A comprehensive survey of global musical traditions that encompasses rural and urban music from Africa, Latin America, and the Caribbean, India, Asia, and the Americas. This course is designed to highlight the central role of musical expression in human life, exploring musical sound and movement in sacred, secular, ritual, and non-ritual contexts. No previous musical knowledge is required. Students are expected to learn basic listening skills and identify musical styles. The course culminates in a final research project about a world music tradition, ensemble, performer, or other related topic. Also listed in International Studies-African studies, International Studies-Asian studies, and International Studies-Latin American and Caribbean studies.
2796 POLS-104-01 Intro Intl Relations 1.00 LEC Lefebvre,Thomas X. MW: 1:15PM-2:30PM TBA GLB5  
  Enrollment limited to 35
  This course is not open to seniors.
  NOTE: 15 seats are reserved for first year students.
  NOTE: This course is methodologically focused.
  This course offers an introduction to international relations (IR), addressing fundamental questions in the fields of international security, international political economy, and international law & organization. We learn about the leading theoretical perspectives in political science-Realism, Liberalism, and Constructivism-as well as a range of alternatives rooted in domestic politics, political psychology, postmodernism, Marxism, and feminism. The course serves as a foundational introduction to the IR subfield, with equal emphasis on substantive issues and theoretical concerns.
2980 POLS-104-02 Intro Intl Relations 1.00 LEC Lefebvre,Thomas X. MW: 2:40PM-3:55PM TBA GLB5  
  Enrollment limited to 35
  This course is not open to seniors.
  NOTE: 15 seats are reserved for first year students.
  NOTE: This course is methodologically focused.
  This course offers an introduction to international relations (IR), addressing fundamental questions in the fields of international security, international political economy, and international law & organization. We learn about the leading theoretical perspectives in political science-Realism, Liberalism, and Constructivism-as well as a range of alternatives rooted in domestic politics, political psychology, postmodernism, Marxism, and feminism. The course serves as a foundational introduction to the IR subfield, with equal emphasis on substantive issues and theoretical concerns.
2749 POLS-312-01 Politics: Mid East & N. Africa 1.00 LEC Flibbert,Andrew TR: 10:50AM-12:05PM TBA GLB5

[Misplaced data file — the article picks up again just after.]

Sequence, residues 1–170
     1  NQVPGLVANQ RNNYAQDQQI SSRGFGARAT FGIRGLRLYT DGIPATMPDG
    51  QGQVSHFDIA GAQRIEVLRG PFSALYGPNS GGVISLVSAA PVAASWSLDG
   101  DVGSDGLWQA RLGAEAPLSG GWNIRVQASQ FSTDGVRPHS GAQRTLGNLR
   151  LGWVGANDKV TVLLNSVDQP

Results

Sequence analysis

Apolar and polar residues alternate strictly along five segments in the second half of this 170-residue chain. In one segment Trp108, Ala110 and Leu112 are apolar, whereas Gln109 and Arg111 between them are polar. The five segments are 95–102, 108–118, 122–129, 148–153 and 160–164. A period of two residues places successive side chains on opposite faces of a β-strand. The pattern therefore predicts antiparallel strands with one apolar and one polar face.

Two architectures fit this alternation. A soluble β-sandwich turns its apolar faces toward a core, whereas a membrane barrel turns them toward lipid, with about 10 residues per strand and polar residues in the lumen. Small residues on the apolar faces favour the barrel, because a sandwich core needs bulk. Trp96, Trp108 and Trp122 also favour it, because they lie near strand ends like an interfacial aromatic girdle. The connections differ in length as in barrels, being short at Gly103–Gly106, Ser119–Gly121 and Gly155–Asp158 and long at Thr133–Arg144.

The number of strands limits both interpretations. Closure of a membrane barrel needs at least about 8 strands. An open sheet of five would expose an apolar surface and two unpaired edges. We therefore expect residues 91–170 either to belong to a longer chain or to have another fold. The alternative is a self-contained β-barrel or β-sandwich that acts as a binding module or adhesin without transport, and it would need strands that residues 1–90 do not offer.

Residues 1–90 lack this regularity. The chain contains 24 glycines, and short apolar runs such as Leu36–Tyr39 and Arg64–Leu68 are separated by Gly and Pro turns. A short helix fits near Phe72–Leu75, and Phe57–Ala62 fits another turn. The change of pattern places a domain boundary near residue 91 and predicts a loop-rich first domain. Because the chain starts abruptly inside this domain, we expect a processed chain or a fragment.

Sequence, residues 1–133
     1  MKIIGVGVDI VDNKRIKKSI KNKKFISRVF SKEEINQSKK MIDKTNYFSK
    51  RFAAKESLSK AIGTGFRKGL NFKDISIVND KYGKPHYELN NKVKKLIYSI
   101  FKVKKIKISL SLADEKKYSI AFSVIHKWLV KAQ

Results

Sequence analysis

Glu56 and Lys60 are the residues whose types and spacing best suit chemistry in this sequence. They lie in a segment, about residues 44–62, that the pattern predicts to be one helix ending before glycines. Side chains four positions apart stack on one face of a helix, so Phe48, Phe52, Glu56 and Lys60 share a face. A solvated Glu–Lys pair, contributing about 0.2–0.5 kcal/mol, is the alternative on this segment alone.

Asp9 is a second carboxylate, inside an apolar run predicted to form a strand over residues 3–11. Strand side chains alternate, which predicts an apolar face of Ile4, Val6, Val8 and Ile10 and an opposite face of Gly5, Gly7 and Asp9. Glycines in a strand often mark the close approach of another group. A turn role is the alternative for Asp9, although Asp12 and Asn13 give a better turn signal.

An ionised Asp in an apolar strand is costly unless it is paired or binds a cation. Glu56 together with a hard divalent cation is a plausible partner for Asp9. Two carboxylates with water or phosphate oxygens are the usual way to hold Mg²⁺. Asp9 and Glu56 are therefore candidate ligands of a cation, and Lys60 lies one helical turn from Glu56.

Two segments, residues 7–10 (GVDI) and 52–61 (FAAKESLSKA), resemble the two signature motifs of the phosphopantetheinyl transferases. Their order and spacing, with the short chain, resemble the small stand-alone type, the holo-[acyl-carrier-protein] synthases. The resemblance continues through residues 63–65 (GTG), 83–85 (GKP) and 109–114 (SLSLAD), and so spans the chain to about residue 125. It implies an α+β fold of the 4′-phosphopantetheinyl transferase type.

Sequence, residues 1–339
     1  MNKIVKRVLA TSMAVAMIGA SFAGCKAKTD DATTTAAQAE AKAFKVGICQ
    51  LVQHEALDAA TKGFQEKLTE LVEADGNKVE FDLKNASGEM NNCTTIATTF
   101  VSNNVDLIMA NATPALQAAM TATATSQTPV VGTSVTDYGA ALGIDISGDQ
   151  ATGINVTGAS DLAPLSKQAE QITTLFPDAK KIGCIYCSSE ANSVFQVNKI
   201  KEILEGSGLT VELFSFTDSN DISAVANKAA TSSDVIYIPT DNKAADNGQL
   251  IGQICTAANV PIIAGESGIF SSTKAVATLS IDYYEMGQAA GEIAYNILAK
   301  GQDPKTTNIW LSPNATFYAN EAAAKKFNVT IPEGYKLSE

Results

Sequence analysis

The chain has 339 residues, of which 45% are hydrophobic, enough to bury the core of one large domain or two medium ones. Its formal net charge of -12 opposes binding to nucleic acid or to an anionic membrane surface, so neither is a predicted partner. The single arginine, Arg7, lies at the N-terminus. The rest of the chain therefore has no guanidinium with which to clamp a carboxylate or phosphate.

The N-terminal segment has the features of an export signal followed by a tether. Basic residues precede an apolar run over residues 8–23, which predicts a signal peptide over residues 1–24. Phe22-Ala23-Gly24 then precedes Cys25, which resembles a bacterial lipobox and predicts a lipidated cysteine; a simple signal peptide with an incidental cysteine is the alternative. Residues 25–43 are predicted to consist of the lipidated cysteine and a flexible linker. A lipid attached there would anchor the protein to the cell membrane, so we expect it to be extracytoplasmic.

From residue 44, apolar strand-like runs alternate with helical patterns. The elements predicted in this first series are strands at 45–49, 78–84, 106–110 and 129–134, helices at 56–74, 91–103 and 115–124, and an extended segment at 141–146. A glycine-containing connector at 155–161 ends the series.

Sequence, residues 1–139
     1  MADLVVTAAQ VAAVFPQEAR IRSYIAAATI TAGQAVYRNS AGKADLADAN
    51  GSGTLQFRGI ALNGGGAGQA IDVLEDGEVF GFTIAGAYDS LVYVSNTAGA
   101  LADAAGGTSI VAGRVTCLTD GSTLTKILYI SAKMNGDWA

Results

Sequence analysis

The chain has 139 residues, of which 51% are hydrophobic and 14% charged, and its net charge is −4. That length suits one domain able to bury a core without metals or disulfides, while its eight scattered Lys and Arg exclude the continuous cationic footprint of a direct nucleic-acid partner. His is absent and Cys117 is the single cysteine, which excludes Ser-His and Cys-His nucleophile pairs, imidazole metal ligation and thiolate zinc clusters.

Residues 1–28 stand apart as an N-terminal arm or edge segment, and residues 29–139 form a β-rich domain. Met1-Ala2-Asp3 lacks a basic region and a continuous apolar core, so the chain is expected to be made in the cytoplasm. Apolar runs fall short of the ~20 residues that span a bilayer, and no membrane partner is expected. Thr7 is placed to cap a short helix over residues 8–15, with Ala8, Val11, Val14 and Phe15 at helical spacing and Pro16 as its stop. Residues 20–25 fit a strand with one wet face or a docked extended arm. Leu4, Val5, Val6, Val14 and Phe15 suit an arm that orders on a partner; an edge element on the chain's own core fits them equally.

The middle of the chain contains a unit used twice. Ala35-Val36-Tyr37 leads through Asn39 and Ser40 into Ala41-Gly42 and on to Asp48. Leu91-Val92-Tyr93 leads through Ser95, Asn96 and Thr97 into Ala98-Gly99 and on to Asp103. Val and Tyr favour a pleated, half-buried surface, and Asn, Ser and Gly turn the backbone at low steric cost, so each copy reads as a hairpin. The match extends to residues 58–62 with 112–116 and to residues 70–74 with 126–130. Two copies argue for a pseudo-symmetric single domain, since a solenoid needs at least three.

Enrollment limited to 25
  This course offers an introduction to the comparative analysis of politics in the Middle East and North Africa. Organized thematically and conceptually, we examine topics ranging from state formation, nationalism, and civil-military relations, to oil and economic development, democratization efforts, political Islam, and regional concerns.
3521 RELG-151-01 Religions of Asia 1.00 LEC Findly,Ellison Banks MWF: 10:00AM-10:50AM TBA GLB2  
  Enrollment limited to 49
  An introduction to the major religions of Asia: Hinduism, Buddhism, Daoism, and Confucianism, with special emphasis on how each of these modes of thought gives rise to a special vision of man in the universe, a complex of myth and practice, and a pattern of ethical behavior. (May be counted toward international studies/Asian studies.)
2779 RELG-181-01 Introduction to Islam 1.00 LEC Blackburn,Steven P. MW: 2:40PM-3:55PM TBA GLB2  
  Enrollment limited to 35
  NOTE: 10 seats reserved for first year students
  This survey course explores the diversity of Muslim experiential and intellectual approaches to the key sacred sources of the religion, the Qur'an, and the figure of the Prophet. The course addresses pre-Islamic Arabia and the rise of Islam; Muhammad and the Qur'an; prophetic traditions and jurisprudence; theology and mysticism; art and poetry; basic beliefs and practices of the Muslim community; responses to colonialism and modernity; and Islam in the United States.
3536 URST-210-01 Sustainable Urban Development 1.00 LEC Staff,Trinity TR: 2:55PM-4:10PM TBA GLB  
  Enrollment limited to 30
  With the era in which city dwellers comprise a majority of the world's population has come a new urgency for understanding the balance between urban development and the environment. This course introduces students to the sub-field of urban studies which deals with sustainable development, including exploration of the debates on the meanings of sustainability and development in cities. Taking a comparative approach and a global perspective, topics to be examined may include the ecological footprint of cities, urban programs for sustainable urban planning, urban transportation and service delivery, energy issues, and the critical geopolitics of urban sustainability around the world. May be counted toward INTS major requirements.